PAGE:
Good authors, too, who once knew better words
Now only use four-letter words
Writing prose,
Anything goes”.

Decorum is deceased, “society” murdered it.
 

WalknTrot

Veteran Member
Don't know. The book might have been racier...that's what I always figured - personally never read it or saw the movie. I was watching Combat right along with you. :)
 

TammyinWI

1st Amendment Right and Pertinent
Right when I saw the thread title, I instantly remembered that one of my babysitters had the book, and the image on the cover stuck with me to this day. I have not read the book nor seen the movie.
1603022063574.png Prescription drug pills.
 

Freeholder

This too shall pass.
Or...is the reality of things just being portrayed more accurately?
I don't think so, at least not what was the reality with people I knew. I was shocked to hear that a daughter of one of my dad's friends had done drugs -- this would have been in '66 or '67, when I was still in elementary school, but it just was not part of the culture -- yet -- where we lived. We had the advantage of living in a very rural area; I think things do tend to stay 'behind the times' a little longer in such places.

Kathleen
 

fish hook

Veteran Member
The film Valley of the Dolls was released in 1967. I was ten years old. At that age I knew nothing of the film, but I experienced its effects as adults tended to whisper about it in hushed tones and I recall my mother making several unflattering references to Patty Duke. I knew who Patty Duke was because of her old TV show, but it was a "girls show" and was the domain of my two sisters. In that approximate era, I wanted to watch Combat, Batman, Voyage to the Bottom of the Sea and other similar boys' TV fare. While not especially concerned about Patty Duke or Valley of the Dolls, I do recall being vaguely curious as to why the movie - and Patty Duke - was considered to be bad and why it caused a minor hubbub amongst the adults. Said adults were singularly unforthcoming with any details.

I was vaguely curious, but not curious enough to be drawn away from the latest episode of Combat.

Of course life moves on and I had more or less forgotten about Valley of the Dolls, until early adulthood exposed me to various cultural references to the film and I suppose I'd read a review or two at some point. In any case, I understood the subject matter and the film's basic plot, but was otherwise as incurious about it as I had been as a boy. The story followed the lives of three young showbusiness women in Hollywood and their difficulties in life, including the abuse of prescription medications. Decades went by. I never actually saw the film. I suppose if I'd really been interested I could've somehow managed to watch it, but I wasn't and I didn't.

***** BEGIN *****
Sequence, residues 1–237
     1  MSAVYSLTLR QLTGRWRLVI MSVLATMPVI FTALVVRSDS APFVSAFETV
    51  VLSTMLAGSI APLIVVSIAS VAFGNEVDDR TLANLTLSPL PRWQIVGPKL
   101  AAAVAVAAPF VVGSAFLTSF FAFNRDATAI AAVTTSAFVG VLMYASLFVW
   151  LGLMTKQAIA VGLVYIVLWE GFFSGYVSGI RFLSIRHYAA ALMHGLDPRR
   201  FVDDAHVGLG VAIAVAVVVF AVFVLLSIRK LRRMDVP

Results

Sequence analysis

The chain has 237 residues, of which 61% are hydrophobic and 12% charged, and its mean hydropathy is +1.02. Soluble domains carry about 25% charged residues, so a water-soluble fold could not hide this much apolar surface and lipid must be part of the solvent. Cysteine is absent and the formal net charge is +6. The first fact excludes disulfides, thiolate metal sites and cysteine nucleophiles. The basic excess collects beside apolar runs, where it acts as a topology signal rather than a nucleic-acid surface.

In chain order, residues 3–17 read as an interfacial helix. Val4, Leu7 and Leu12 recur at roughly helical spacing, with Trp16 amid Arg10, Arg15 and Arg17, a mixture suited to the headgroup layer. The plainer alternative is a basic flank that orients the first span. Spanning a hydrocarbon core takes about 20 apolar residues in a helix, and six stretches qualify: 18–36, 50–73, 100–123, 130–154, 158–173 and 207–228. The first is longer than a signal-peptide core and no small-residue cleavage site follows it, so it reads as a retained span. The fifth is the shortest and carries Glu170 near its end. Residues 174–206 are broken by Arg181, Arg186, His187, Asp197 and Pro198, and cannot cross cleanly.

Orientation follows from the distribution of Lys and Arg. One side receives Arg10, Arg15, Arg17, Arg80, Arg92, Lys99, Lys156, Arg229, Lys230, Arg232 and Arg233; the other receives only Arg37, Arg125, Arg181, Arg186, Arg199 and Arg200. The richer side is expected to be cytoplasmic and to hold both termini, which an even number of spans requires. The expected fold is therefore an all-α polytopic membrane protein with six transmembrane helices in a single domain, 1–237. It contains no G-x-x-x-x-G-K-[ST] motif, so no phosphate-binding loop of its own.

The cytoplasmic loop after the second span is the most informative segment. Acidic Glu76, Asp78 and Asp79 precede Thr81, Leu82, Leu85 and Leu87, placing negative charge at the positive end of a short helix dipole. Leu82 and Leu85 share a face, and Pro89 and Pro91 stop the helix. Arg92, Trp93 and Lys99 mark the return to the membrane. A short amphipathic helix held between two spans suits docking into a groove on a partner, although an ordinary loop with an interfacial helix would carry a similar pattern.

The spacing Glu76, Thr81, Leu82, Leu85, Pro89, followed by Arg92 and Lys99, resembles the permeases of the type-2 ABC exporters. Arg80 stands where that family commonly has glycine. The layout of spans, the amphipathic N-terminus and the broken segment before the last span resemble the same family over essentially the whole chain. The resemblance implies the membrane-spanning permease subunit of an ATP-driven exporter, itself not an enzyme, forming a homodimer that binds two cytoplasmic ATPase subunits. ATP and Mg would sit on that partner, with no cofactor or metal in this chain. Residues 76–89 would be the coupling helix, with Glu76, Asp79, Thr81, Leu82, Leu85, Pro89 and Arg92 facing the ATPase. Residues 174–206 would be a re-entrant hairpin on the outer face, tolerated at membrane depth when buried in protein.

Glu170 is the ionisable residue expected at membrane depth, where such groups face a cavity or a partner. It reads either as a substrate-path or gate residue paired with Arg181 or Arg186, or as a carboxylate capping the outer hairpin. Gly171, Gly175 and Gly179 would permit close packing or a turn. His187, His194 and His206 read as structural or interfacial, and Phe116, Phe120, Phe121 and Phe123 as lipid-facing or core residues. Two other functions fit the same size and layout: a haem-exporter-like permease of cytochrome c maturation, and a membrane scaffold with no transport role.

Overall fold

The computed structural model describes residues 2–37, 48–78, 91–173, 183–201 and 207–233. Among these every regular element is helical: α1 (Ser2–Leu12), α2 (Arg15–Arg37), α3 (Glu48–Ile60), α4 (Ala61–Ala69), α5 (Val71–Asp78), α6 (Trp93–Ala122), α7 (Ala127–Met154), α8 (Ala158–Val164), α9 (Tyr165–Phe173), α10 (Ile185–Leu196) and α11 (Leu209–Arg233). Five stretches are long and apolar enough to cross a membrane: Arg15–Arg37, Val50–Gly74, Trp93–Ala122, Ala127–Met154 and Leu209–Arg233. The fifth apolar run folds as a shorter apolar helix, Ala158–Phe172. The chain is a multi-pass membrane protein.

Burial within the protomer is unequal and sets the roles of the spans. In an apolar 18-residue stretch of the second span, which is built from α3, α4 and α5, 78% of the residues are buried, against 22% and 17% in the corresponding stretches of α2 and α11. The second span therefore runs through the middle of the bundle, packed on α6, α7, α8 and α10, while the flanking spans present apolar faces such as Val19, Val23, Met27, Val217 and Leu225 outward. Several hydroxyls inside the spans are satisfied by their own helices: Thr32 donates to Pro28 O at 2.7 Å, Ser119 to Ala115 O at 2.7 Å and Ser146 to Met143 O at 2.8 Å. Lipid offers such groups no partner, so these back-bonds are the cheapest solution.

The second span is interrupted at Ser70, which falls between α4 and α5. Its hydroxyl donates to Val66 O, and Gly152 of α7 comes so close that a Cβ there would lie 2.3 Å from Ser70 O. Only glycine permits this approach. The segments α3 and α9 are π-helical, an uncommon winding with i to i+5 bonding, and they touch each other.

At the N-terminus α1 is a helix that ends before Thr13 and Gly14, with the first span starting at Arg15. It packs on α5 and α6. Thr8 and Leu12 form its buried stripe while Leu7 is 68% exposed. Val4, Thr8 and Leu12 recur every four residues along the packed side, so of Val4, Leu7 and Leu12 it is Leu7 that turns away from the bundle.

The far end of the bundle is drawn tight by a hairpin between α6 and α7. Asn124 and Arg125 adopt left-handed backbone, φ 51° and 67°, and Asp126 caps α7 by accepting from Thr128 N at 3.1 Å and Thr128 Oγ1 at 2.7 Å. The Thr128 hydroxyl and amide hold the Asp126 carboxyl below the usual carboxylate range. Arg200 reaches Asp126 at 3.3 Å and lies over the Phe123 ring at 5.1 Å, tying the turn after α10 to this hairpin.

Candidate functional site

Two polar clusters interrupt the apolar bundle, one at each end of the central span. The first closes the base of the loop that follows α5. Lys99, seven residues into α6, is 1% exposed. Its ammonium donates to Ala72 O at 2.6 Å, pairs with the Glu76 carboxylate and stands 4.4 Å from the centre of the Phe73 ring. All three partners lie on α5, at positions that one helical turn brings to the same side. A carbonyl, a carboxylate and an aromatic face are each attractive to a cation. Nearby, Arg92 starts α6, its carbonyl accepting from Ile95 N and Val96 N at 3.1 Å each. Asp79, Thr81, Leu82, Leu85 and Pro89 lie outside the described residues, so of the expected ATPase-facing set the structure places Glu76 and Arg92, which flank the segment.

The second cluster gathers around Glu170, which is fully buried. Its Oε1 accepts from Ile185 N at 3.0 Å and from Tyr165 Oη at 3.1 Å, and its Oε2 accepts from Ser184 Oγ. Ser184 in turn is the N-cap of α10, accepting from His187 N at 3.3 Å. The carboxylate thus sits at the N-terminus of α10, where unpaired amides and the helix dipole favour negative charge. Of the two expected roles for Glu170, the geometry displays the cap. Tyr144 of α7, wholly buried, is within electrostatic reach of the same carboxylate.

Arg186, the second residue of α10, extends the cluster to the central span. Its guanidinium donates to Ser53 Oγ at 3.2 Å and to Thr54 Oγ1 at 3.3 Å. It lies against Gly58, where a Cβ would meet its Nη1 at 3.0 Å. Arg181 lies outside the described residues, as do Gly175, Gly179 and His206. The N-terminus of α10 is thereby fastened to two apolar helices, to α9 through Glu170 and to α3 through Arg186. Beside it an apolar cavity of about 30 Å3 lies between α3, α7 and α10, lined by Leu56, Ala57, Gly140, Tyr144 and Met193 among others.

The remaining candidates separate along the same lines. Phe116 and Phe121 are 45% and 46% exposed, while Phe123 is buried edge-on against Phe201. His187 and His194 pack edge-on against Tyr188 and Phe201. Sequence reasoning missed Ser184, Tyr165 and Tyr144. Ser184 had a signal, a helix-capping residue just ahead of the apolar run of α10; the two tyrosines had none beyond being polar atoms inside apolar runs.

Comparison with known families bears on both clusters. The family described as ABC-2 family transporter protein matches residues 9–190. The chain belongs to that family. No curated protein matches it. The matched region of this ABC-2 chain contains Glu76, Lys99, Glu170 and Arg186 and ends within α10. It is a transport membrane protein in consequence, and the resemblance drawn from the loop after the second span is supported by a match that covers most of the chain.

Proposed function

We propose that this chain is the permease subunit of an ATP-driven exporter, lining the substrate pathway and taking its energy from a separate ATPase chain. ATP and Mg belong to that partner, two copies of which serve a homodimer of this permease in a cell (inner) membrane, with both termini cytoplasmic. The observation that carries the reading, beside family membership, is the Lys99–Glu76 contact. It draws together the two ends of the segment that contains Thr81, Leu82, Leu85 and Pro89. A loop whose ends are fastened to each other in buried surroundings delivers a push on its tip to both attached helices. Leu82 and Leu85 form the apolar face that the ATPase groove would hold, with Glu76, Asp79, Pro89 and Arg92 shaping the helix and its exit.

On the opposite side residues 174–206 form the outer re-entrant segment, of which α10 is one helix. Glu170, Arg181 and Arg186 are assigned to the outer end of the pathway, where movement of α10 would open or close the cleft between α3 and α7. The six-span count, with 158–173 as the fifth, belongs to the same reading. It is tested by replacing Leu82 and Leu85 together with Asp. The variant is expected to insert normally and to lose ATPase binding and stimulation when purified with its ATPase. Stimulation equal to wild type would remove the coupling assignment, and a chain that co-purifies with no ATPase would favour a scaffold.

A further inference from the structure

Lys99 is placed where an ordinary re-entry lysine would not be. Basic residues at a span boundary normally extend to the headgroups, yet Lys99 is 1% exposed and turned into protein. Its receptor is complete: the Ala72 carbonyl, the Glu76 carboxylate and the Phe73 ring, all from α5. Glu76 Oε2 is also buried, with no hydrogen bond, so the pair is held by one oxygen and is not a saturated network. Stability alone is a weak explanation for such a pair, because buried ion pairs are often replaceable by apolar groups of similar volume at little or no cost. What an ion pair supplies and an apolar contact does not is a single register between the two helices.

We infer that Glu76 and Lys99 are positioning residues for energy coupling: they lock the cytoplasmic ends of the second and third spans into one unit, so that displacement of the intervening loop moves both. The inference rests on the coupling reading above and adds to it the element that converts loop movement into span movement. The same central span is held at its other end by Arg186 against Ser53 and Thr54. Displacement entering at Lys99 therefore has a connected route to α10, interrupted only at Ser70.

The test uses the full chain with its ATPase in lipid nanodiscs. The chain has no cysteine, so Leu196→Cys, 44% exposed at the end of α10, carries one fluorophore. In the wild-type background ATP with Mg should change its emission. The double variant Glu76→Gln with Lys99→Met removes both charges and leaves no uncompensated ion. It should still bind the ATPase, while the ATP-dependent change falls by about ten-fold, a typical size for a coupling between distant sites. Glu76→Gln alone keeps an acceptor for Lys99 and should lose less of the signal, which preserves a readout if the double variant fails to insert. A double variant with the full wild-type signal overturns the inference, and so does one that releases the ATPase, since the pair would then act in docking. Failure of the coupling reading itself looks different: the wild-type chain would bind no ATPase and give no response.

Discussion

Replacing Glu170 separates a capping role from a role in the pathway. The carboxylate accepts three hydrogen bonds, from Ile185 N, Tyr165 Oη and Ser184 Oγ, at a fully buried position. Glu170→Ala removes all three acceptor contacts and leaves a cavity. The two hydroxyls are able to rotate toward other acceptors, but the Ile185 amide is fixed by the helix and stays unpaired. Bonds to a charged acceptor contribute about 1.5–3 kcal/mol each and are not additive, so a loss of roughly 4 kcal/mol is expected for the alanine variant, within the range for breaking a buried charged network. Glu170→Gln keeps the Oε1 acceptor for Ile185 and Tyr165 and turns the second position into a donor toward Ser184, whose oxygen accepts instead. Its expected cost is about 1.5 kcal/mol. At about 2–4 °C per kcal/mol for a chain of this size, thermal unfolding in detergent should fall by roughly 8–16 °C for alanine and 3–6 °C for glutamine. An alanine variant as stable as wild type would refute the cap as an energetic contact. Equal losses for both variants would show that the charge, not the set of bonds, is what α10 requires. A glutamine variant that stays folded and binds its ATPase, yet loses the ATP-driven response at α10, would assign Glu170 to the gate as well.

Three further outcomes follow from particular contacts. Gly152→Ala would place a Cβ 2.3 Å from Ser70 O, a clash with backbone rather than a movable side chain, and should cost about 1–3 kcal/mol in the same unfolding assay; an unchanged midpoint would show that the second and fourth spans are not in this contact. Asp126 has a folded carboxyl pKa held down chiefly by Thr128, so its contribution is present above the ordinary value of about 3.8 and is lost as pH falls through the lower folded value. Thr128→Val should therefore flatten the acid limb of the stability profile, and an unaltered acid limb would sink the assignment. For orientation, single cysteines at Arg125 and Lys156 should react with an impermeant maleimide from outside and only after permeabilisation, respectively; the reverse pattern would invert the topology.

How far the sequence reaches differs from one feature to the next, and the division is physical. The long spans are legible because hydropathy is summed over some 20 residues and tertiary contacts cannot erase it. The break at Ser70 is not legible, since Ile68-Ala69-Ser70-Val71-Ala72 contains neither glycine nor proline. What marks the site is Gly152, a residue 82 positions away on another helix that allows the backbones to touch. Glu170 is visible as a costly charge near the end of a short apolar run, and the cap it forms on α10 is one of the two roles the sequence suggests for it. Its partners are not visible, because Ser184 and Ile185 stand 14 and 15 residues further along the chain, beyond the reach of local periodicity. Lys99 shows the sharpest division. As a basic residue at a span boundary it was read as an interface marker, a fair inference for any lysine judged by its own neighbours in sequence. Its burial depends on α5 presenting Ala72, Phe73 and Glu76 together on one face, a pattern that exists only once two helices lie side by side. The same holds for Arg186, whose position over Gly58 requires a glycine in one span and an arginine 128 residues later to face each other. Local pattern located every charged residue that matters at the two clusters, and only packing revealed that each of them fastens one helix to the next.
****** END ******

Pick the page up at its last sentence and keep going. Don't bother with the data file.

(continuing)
A few nights ago as I scrolled through the YouTube offerings I found a free copy. I figured that at age 63 I might as well catch up on some pop culture background and decided to give it a watch. I also thought I might write a review here at TB2K. Ready? OK. Here it is:

The iconic 1960s film, Valley of the Dolls, is a relatively low budget film beset with a thin plot and equally thin acting. To describe it as mediocre would be a kindness.

There! Valley of the Dolls lends itself well to the concise review.

But a review of the movie is not why I'm writing this post. I'm writing to describe the movie through the prism of the profound cultural and societal shifts the United States has gone through since the mid-'60s. When Valley of the Dolls was released it was considered scandalous and, as far as cultural acceptance went, something akin to an X-rated movie.

Watching the film last night and trying to judge it by contemporary rating standards, it's pretty G-rated stuff, or at most PG - and it would only rate the PG for a catfight scene and some fairly innocuous scenes of prescription drug taking. The one "nude" scene was barely that, not even showing a female nipple. There was gauze and soft focus camera work to mask anything remotely graphic. Vulgar language? I recall hearing the words "fag" and "damn." You can hear sharper language on broadcast media.

What was considered avant-garde and racy in 1967 now seems almost quaintly innocent. What the film does unintentionally illustrate, with the passage of time, is how coarsened our own society has become.

Best
Doc
Oh,the progress we have made.I remember T V when you couldn't even say the word pregnant,and now they practically show the way you get that way.
 

Ogre

Veteran Member
I was in high school in the mid 50's when the movie "Battle Cry" came out. And all the talk was about how they actually showed someone giving a one-finger salute. Oh, the horror of it.

I think that was also around the time that Mickey Spillaine was writing his Mike Hammer detective series. The line "She was stark naked!" was really pushing the limit.

I always enjoyed a line from one of his (I think) other books. "The darkest hour is just before dawn, or haven't you ever left a warm bed to go home?"

Of course it does appears that our parents were right, Elvis Presley was going to cause all of us to go to hell.
 

skwentnaflyer

Veteran Member